New evidence that events in outer space affect the weather and climate of Earth has been revealed in a study by meteorologists at the University of Reading published in the Proceedings of the Royal Society on Wednesday 18 January.
In their paper ‘Empirical evidence for a non-linear effect of galactic cosmic rays on clouds’, Drs Giles Harrison and David Stephenson suggest that cosmic rays have a significant effect on the Earth’s lower atmosphere – particularly on levels of cloudiness.
The Reading meteorologists discovered that the chance of an overcast day decreases by 20% on days with low cosmic ray fluxes. The effect is strongest when low cosmic ray fluxes occur – this is often associated with solar flares, but may also result from changes outside the solar system.
“Back in 1959, Edward Ney suggested that variations in cosmic rays, which are charged particles mostly originating outside the solar system, could affect our weather,” said Dr Harrison. “This research now provides strong evidence supporting Ney’s suggestion, which effectively links atmospheric and space science.”
“As well as the influence of weather, our evidence shows a small yet statistically significant effect of cosmic rays on daily cloudiness. This suggests that cosmic rays are an additional external source of climate variability that should be considered when modelling past and future climate.”
To detect changes in the atmosphere from cosmic rays, Harrison and Stephenson used solar radiation measurements made by meteorological stations. They conducted a careful analysis of the UK archives of daily solar radiation observations from 1951-2004 and compared them with neutron counter cosmic ray measurements taken at Climax, Colorado, between 1951 and 2000.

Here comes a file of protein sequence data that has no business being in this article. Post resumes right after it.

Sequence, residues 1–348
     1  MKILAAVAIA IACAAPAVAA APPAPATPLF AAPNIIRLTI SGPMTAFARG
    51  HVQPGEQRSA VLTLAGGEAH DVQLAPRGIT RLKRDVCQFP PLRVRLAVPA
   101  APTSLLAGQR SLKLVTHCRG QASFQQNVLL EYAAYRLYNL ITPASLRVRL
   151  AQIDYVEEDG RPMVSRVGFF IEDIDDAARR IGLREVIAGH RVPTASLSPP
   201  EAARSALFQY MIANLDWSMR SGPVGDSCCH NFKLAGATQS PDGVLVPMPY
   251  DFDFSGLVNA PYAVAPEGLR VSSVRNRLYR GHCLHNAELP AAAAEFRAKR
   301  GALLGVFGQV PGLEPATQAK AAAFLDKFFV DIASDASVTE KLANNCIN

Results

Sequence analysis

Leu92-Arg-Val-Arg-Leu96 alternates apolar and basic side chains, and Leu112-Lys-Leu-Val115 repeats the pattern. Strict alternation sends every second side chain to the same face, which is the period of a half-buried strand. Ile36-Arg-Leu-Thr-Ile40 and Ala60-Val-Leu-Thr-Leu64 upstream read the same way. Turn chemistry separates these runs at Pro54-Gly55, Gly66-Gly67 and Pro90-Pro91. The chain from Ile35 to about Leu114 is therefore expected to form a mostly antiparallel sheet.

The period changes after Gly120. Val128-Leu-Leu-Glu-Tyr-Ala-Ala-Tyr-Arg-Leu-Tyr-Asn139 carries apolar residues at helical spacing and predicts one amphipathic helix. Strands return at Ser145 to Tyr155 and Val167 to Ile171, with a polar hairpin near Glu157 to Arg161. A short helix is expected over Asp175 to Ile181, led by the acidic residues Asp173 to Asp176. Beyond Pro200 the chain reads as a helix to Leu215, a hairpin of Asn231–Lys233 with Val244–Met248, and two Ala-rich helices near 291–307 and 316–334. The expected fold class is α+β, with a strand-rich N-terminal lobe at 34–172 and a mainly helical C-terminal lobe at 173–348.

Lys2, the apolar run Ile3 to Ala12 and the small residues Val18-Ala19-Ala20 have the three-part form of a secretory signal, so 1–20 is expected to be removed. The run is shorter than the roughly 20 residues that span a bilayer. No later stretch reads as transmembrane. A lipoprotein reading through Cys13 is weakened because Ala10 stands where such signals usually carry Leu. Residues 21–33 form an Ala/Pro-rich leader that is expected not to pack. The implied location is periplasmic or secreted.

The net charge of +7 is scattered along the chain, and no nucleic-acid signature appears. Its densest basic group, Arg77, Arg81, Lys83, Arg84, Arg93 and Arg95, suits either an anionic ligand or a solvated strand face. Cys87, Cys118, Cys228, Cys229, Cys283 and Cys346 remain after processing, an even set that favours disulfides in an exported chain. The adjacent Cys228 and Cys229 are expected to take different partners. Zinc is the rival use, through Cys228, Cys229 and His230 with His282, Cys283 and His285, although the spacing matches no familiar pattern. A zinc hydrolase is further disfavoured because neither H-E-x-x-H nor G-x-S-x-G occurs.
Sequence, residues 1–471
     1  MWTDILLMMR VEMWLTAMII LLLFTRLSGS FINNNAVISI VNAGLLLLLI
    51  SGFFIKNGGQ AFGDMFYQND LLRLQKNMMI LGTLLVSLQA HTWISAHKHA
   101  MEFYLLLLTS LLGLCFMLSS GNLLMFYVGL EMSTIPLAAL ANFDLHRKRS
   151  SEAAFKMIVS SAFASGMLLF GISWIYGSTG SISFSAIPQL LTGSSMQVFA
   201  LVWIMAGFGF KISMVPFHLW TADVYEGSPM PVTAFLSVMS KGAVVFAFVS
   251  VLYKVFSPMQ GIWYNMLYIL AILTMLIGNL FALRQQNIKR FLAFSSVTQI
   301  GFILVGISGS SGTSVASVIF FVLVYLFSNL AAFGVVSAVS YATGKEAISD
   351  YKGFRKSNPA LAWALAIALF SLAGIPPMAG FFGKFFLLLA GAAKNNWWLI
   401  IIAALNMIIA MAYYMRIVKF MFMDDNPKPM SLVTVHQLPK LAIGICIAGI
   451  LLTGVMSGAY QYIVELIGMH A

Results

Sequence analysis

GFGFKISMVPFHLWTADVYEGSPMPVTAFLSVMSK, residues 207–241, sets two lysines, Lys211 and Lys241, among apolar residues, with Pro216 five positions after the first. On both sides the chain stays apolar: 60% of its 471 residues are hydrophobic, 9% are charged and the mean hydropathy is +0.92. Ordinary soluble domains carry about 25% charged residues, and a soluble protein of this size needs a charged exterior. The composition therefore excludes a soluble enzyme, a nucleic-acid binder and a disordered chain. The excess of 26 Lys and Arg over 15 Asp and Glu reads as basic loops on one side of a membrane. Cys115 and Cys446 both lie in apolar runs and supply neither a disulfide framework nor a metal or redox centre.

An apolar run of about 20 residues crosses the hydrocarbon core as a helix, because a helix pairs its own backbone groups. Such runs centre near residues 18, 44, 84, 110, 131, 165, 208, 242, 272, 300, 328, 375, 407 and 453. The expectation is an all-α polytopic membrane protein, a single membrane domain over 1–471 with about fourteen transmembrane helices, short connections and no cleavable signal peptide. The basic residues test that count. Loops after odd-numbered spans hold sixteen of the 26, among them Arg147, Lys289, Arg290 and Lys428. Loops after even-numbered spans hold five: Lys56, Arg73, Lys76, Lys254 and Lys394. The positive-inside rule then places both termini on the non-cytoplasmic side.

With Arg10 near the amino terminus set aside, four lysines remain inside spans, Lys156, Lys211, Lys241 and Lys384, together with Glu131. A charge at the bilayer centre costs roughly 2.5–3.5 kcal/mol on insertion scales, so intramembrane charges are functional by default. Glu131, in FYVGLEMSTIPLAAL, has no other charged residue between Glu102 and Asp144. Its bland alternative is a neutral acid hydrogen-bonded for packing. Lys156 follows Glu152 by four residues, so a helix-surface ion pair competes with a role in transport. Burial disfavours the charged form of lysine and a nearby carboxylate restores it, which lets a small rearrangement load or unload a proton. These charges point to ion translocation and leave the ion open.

In 1927, the British physicist C.T.R. Wilson received the Nobel Prize for the cloud chamber, which he invented to simulate atmospheric cloud processes. The cloud chamber makes cosmic rays visible by condensing water droplets on ions produced by the cosmic rays. Wilson developed the cloud chamber in the 1890s to simulate atmospheric cloud production processes. He initially thought that ions provided all the nuclei in the atmosphere for cloud formation, but subsequently discovered that clouds formed on uncharged particles too. The mechanism suggested by Harrison and Stephenson to explain the effect of cosmic rays on clouds found is different to Wilson's, and depends on the particles formed by ions, rather than the action of the ions themselves. This is an important distinction, as the cloud chamber does not reproduce real atmospheric conditions. Wilson's work was also published in the Proceedings of the Royal Society.
Cosmic rays were discovered by Viktor Hess, following a high altitude balloon flight in August 1912. Hess received the Nobel prize for the discovery in 1936.
Source: University of Reading
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